The seeds, deprived of their husks, of Oryza sativa, Linné.
COMMON NAME: Rice.
Botanical Source.—Rice is an annual plant, with several jointed culms or stems, from 2 to 10 feet in height. The leaves are long, slender, and clasping. The panicle is terminal, diffuse, and bowing when the seed is weighty. The spikelet is hermaphrodite and 1-flowered. Glumes 2, and small. Paleae 2, and adhering to the ovary. Scales 2, smooth; stamens 6; ovaries sessile; styles 2; stigma feathery. Caryopsis compressed, and inclosed by the paleae (W.—G.—P.).
History and Chemical Composition.—Rice is supposed to have been originally a native of China, from whence it came to the East Indies; it is at present cultivated in nearly all parts of the world where the soil and climate are favorable. The harvesting of the new rice in India is introduced by religious worship. Rice, in order to thrive, requires a marshy, moist soil, and is accordingly now grown with success in Florida. Several species of cultivated rice are recognized. The husked seeds of the plant constitute the ordinary commercial rice. When boiled with water, the grains swell up, become soft, and absorb about twice their weight of water. Carolina rice, on analysis, has been found to consist of 85.07 per cent of starch, 3.60 of nitrogenous matter, 0.71 of gum, 0.29 of uncrystallizable sugar, 0.13 of fatty oil, 4.80 of woody fiber, 5.00 of water, and 0.40 of saline matters (Braconnot, Jour. Pharm. Chim., 1817, p. 314).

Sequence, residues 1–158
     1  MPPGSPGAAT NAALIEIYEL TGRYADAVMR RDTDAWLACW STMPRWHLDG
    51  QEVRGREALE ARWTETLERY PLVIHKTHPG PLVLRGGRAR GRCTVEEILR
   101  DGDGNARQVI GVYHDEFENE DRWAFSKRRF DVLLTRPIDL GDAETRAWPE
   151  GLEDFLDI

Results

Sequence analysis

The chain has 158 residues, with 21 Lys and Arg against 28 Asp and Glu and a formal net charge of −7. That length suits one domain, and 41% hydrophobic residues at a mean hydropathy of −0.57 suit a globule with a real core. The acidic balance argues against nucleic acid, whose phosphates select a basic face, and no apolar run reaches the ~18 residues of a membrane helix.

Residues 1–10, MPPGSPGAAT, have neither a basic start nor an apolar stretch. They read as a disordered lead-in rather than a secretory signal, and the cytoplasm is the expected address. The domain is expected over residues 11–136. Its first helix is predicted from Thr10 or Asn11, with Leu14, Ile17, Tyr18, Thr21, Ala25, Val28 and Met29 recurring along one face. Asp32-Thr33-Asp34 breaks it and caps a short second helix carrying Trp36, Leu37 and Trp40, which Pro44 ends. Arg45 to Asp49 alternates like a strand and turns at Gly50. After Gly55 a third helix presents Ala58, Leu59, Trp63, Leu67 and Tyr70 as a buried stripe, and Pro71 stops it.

J. König (Die Menschl. Nahrungs- und Genussmittel, 3d ed., 1893, p. 527) records the average of 95 analyses of ordinary cooking rice as follows: Water, 12.55 per cent; nitrogenous matter, mostly albuminous substance, 7.88 per cent; fat, 0.53 per cent; nitrogen-free extractive matter, 77.79 per cent (containing 75.79 per cent of starch, 1.3 per cent of sugar, gum, etc.); crude fiber, 0.47 per cent, and ash, 0.78 per cent. Of all cereals, the rice grain is richest in pure starch. The ash of rice grain contains much potassium phosphate and magnesium salts. Manganese is also contained in the ash. Rice is used as food by millions of people in China and certain parts of India (see consular report on the rice crop in India, Amer. Jour. Pharm., 1898, p. 2712). In addition to its employment for culinary and medicinal purposes, it is used in making ardent spirits (Arrack, see Alcohol), or rice beer; in Japan, a wine is made from it, called sake or saki. What is known as Chinese "rice paper," is obtained from the pith of Aralia papyrifera, by skillfully slicing it with a sharp knife (see Amer. Jour. Pharm., 1878, p. 340).
Action and Medical Uses.—Rice is nutritious, and boiled in water until perfectly soft, is very useful in cases of debilitated stomach or bowels, and diarrhoea; it is likewise reputed a valuable article of food to overcome the diarrhoea so common to those who, for the first time, use the river waters of the western states. It is, by some, considered injurious to the eyes when used in any quantity, but this is an erroneous opinion, as many nations employ it almost exclusively as a diet, without any such effects. A decoction of rice (rice-water) is an excellent soothing and nutritive drink in febrile diseases, and likewise in inflammations of the internal organs.
King's American Dispensatory, 1898, was written by Harvey Wickes Felter, M.D., and John Uri Lloyd, Phr. M., Ph. D.